14,395
    Feedback Score
    5 (100%)
    Quote Originally Posted by MarMark View Post
    I agree with you in part. Local cryotherapy is usually used for acute injuries, such as sprains / strains, tendinitis, edema, pain or fever after surgery, just by using an cryotherapy machine. At the same time, cold therapy can also slow the inflammatory response by reducing the release of inflammatory mediators. Therefore, it is a physical therapy method that can be used for acute and chronic pain.
    It can also hinder your progress in the gym, so per usual, used for acute injuries etc, may may have value, but many do it regularly for general recoup and that may be a bad idea. Also, the entire icing of an injury during the acute phase has been called into question recently, though it's still being debated:

    https://www.cramersportsmed.com/firs...-question.html
    - Will

    General Performance/Fitness Advice for all

    www.BrinkZone.com

    Performance/Fitness Advice For the Tactical Community

    www.OptimalSWAT.com


    “Those who do not view armed self defense as a basic human right, ignore the mass graves of those who died on their knees at the hands of tyrants.”

  5. #15
    Join Date
    May 2010
    Location
    midwest
    Posts
    8,053
    Feedback Score
    4 (100%)
    Quote Originally Posted by MarMark View Post
    I agree with you in part. Local cryotherapy is usually used for acute injuries, such as sprains / strains, tendinitis, edema, pain or fever after surgery, just by using an cryotherapy machine. At the same time, cold therapy can also slow the inflammatory response by reducing the release of inflammatory mediators. Therefore, it is a physical therapy method that can be used for acute and chronic pain.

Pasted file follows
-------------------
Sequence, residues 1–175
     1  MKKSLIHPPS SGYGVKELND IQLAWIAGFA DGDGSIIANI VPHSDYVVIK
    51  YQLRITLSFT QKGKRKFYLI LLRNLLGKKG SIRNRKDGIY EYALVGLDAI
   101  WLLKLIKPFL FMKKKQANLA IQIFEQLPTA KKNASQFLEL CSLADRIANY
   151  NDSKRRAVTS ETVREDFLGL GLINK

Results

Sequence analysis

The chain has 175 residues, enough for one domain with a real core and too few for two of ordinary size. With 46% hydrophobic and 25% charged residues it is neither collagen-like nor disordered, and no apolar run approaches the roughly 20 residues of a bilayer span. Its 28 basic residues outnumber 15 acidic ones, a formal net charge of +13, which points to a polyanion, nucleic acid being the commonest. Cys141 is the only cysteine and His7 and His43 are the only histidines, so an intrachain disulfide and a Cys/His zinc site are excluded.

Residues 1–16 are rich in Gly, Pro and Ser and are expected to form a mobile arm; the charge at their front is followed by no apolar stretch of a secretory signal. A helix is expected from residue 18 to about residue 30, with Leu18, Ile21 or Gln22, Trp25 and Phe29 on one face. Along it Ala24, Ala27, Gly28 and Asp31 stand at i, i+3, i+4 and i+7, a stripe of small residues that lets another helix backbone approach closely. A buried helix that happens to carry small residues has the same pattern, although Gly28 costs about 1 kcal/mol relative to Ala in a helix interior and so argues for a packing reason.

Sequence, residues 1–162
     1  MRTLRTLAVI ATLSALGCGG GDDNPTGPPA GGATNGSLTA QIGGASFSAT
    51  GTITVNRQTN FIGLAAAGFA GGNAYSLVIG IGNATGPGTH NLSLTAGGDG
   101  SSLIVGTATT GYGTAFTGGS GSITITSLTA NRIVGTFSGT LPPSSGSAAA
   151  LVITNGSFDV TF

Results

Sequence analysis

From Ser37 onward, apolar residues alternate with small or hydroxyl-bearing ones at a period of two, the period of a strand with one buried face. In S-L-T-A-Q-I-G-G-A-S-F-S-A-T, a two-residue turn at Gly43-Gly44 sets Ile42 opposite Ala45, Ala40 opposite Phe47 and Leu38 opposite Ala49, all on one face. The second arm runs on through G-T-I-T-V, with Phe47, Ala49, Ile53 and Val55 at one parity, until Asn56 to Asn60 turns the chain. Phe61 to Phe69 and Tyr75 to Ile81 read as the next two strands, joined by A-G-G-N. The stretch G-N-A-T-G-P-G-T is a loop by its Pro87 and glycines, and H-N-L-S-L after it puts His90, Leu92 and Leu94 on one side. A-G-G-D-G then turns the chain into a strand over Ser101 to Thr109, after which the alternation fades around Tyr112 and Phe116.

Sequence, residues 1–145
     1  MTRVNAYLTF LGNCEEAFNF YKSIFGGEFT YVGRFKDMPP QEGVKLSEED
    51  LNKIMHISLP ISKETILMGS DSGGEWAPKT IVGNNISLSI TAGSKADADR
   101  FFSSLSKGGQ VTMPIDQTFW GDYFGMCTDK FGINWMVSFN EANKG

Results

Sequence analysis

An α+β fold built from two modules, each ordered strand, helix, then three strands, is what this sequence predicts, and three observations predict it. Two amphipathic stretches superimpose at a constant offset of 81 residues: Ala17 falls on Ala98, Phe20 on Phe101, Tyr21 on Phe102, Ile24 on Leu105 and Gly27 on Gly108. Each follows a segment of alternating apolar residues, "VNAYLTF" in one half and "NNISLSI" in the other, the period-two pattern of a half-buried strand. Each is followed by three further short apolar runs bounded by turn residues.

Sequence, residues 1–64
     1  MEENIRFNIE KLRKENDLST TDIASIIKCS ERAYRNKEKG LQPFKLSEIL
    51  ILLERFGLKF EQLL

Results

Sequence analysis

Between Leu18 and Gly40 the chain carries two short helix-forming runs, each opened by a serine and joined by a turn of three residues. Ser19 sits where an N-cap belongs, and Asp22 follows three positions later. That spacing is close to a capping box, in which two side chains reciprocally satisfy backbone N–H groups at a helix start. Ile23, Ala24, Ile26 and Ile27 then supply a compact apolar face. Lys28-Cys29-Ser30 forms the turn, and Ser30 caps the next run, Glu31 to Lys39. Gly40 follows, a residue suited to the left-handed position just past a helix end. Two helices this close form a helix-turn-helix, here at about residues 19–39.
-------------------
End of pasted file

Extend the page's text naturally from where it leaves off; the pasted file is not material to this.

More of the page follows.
The mind is a powerful thing. If it makes you think that you are feeling better then that's a good thing, right? As long as such homeopathic nostrums aren't used in place of concepts that have level 1 evidence behind their efficacy, and as long as they don't cause any harm, then most doctors that I know would just shrug and say "go for it".

  6. #16
    Join Date
    Nov 2019
    Posts
    5
    Feedback Score
    0
    Quote Originally Posted by TAZ View Post
    Anyone have any experience with cryotherapy system? Ive done some reading and it seems like it might could work to alleviate some chronic aches and such due to inflammation. I have a messed up left ankle, no right ACL, banged up left MCL, arthritis in the left knee, couple of compressed disks, torn anterior labrum and a bunch of other smaller injuries from my younger days. All of that means that after exercise I am finding that I need to do more and more icing or popping NSAIDs or both to manage symptoms. I am wondering if something like cryotherapy could help with managing inflammation more efficiently or help minimize the NSAID need. Any words of wisdom are appreciated.
    A study from a trusted source found that cryotherapy significantly reduced pain and was well tolerated in patients with arthritis. In the course of my shoulder recovery, I have recommended this type of physical therapy throughout my life, and I have also done so, which has proven to be effective.

Page 2 of 2 FirstFirst 12

Bookmarks

Posting Permissions

  • You may not post new threads
  • You may not post replies
  • You may not post attachments
  • You may not edit your posts
  •